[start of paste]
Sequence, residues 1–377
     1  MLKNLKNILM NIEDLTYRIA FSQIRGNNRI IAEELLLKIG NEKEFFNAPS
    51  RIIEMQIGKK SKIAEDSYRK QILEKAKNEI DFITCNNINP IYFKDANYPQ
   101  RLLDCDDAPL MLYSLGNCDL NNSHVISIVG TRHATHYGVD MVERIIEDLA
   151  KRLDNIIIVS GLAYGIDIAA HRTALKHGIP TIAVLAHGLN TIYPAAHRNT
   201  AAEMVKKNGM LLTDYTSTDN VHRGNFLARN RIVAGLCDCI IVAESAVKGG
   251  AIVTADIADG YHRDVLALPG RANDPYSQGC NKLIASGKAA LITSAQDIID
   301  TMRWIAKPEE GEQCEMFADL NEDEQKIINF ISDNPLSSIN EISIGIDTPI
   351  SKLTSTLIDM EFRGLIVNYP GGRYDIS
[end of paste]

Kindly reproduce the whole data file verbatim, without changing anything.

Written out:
Sequence, residues 1–377
     1  MLKNLKNILM NIEDLTYRIA FSQIRGNNRI IAEELLLKIG NEKEFFNAPS
    51  RIIEMQIGKK SKIAEDSYRK QILEKAKNEI DFITCNNINP IYFKDANYPQ
   101  RLLDCDDAPL MLYSLGNCDL NNSHVISIVG TRHATHYGVD MVERIIEDLA
   151  KRLDNIIIVS GLAYGIDIAA HRTALKHGIP TIAVLAHGLN TIYPAAHRNT
   201  AAEMVKKNGM LLTDYTSTDN VHRGNFLARN RIVAGLCDCI IVAESAVKGG
   251  AIVTADIADG YHRDVLALPG RANDPYSQGC NKLIASGKAA LITSAQDIID
   301  TMRWIAKPEE GEQCEMFADL NEDEQKIINF ISDNPLSSIN EISIGIDTPI
   351  SKLTSTLIDM EFRGLIVNYP GGRYDIS